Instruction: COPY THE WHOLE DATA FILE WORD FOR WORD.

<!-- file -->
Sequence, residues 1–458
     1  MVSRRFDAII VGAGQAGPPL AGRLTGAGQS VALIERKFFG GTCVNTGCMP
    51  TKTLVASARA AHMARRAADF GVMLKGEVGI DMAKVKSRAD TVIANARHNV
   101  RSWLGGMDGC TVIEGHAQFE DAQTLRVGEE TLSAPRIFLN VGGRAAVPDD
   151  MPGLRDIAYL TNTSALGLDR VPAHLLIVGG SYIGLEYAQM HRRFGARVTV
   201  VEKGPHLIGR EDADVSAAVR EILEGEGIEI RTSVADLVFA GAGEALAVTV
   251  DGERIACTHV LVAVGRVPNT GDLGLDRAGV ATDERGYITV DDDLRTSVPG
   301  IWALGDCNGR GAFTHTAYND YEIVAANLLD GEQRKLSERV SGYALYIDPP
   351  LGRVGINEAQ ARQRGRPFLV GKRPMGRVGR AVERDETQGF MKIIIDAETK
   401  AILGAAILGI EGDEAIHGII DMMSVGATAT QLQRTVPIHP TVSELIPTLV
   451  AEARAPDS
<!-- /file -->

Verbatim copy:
Sequence, residues 1–458
     1  MVSRRFDAII VGAGQAGPPL AGRLTGAGQS VALIERKFFG GTCVNTGCMP
    51  TKTLVASARA AHMARRAADF GVMLKGEVGI DMAKVKSRAD TVIANARHNV
   101  RSWLGGMDGC TVIEGHAQFE DAQTLRVGEE TLSAPRIFLN VGGRAAVPDD
   151  MPGLRDIAYL TNTSALGLDR VPAHLLIVGG SYIGLEYAQM HRRFGARVTV
   201  VEKGPHLIGR EDADVSAAVR EILEGEGIEI RTSVADLVFA GAGEALAVTV
   251  DGERIACTHV LVAVGRVPNT GDLGLDRAGV ATDERGYITV DDDLRTSVPG
   301  IWALGDCNGR GAFTHTAYND YEIVAANLLD GEQRKLSERV SGYALYIDPP
   351  LGRVGINEAQ ARQRGRPFLV GKRPMGRVGR AVERDETQGF MKIIIDAETK
   401  AILGAAILGI EGDEAIHGII DMMSVGATAT QLQRTVPIHP TVSELIPTLV
   451  AEARAPDS